The real dog who inspired this story consented to star in this video about What the Dog Knows. Worf is now about 10 years old and very well behaved. He used to be that dog that wagged his tail and threw over glasses. He’s best friends with my way smaller dog Mortie. Together they used to raid the counters when the humans were out. Their favourite steal was a pound of butter. We imagine that they collaborated, Mortie climbing onto Worf’s back for the buttery heist. We’d find the wrappers lying around later. But It wasn’t only butter, nothing was really safe, a loaf of bread, a tupper ware full of cupcakes.
Their favourite thing to do together was to chase a stick into the water. They would swim, side by side, carrying the stick back, one end in each of their mouths.
Both of them are older now. You can see the grey on Worf’s muzzle. So when you read What the Dog Knows, imagine Worf without the grey as Diesel.
Writing your true story, where to get started. Scroll down for Getting the Idea, then go to Developing the Idea and then finish with Creating Scenes. These are bare bone tips to help you get writing.By the way they can be used equally well with fiction writing. Visit Writing the Rollercoaster Youtube to watch adult writer Lynda Simmons writing tips on freewill writing, finding time to write and reading to improve your writing.
March 30 is looming and we want your story or poem. In the first writing tip, we explored how to brainstorm some ideas on paper. Talk about your idea with your friends or family. Decide what you hope readers will take away from your end, ask yourself what’s the high moment in your story and then think about how best to begin.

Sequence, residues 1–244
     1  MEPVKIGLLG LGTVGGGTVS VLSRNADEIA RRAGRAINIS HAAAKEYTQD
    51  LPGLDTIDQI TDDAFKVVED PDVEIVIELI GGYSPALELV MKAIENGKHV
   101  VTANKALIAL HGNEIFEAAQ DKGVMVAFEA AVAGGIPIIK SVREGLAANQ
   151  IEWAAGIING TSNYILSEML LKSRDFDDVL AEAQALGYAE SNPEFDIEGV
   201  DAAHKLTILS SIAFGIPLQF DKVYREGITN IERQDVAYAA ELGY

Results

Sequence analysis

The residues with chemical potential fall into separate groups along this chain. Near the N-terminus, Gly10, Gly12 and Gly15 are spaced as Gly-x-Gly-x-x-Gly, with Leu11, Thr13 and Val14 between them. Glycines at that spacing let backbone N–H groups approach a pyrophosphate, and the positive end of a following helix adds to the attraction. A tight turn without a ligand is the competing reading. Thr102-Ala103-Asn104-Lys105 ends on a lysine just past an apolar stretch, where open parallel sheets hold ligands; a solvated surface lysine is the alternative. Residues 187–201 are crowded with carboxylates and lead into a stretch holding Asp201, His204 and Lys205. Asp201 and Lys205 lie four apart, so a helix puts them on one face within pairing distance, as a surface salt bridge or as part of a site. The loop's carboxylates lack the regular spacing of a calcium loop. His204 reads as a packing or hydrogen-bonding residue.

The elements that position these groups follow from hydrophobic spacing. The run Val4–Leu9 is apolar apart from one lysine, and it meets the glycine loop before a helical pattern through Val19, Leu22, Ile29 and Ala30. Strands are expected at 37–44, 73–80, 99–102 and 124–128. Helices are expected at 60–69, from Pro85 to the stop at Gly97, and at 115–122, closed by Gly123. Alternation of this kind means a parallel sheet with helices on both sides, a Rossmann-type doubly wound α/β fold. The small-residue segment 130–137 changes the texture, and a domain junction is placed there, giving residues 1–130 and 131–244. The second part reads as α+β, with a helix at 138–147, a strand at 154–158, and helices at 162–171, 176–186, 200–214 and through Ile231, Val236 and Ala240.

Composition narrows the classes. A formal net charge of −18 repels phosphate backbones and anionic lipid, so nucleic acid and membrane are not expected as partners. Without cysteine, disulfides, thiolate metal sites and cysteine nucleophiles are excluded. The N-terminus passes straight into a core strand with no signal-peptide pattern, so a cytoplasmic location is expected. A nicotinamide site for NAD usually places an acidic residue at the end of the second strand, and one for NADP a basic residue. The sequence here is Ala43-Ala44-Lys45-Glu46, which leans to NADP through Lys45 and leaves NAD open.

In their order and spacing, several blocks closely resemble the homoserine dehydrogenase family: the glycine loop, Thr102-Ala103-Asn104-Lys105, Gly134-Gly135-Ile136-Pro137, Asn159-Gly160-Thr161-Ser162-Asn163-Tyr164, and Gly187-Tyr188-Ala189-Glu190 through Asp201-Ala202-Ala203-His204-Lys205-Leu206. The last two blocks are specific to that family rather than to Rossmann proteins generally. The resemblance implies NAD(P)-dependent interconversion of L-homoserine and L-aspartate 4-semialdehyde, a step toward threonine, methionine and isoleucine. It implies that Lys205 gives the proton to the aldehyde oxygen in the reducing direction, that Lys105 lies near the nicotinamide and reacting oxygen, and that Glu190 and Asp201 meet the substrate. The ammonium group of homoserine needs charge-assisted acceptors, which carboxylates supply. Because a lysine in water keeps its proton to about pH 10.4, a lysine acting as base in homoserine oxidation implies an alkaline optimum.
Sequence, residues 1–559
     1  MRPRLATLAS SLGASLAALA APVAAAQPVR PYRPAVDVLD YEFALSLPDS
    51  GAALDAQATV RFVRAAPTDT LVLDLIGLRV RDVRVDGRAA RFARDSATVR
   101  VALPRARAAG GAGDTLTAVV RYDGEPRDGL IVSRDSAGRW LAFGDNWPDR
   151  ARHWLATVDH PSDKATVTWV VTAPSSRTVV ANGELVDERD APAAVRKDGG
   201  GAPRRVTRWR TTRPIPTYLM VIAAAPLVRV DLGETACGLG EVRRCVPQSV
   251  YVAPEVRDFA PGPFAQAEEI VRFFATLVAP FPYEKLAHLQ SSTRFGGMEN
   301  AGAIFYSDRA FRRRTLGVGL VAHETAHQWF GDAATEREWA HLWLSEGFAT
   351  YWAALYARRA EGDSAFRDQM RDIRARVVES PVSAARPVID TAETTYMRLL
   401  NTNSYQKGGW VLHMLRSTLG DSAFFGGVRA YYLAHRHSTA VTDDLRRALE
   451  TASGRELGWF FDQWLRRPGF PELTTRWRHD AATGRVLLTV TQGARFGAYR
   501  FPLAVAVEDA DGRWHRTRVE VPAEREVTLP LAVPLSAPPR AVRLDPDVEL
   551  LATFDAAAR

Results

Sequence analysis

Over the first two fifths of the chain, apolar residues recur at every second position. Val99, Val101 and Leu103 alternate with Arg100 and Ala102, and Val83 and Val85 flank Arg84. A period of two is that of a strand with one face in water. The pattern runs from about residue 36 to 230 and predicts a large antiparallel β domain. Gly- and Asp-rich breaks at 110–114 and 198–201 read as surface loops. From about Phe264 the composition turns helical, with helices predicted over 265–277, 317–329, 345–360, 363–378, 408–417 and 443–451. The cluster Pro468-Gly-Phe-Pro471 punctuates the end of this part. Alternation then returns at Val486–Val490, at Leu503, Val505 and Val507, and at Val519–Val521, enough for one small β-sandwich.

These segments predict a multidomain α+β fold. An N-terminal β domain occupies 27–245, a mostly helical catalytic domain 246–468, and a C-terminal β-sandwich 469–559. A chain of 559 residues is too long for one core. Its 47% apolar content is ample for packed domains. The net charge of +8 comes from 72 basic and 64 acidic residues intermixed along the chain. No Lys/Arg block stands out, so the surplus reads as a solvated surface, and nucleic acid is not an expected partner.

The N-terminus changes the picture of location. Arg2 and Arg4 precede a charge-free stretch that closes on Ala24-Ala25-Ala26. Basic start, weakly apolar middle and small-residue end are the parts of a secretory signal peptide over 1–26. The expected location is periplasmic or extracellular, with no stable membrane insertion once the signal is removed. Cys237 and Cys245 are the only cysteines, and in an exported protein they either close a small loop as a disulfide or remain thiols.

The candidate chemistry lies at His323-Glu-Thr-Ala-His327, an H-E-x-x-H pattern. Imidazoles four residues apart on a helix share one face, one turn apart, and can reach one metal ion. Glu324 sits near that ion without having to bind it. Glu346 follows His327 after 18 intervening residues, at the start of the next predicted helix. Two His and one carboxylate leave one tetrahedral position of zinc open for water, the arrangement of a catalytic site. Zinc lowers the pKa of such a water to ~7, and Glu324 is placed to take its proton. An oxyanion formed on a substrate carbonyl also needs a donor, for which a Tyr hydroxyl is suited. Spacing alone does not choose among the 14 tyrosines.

When you’re ready, submit at writingtherollercoaster.com
This video is the first tip in a series of six aimed to help you feel confident in expressing yourself through words for Writing the Rollercoaster. We hope it shows you how to mine for the ideas you want to write about. It was designed with younger writers in mind but is true for any age.
Getting lost in your creative self is a wonderful experience. Writing the Roller Coaster is a project that aims to document life–especially feelings–during the pandemic. We’re not looking for William Shakespeare or Margaret Atwood. We want ordinary heroes, people who manage to get up in the morning and put one foot ahead of the other in uncertain times. Tell us why that’s difficult for you or how you leap out of bed with the excitement of the challenge.How are you forced to pivot? We’re hoping that writing about the science experiment we’re all part of will help keep our writers sane and perhaps even happy.
Watch for the next tip: Freefall writing with Lynda Simmons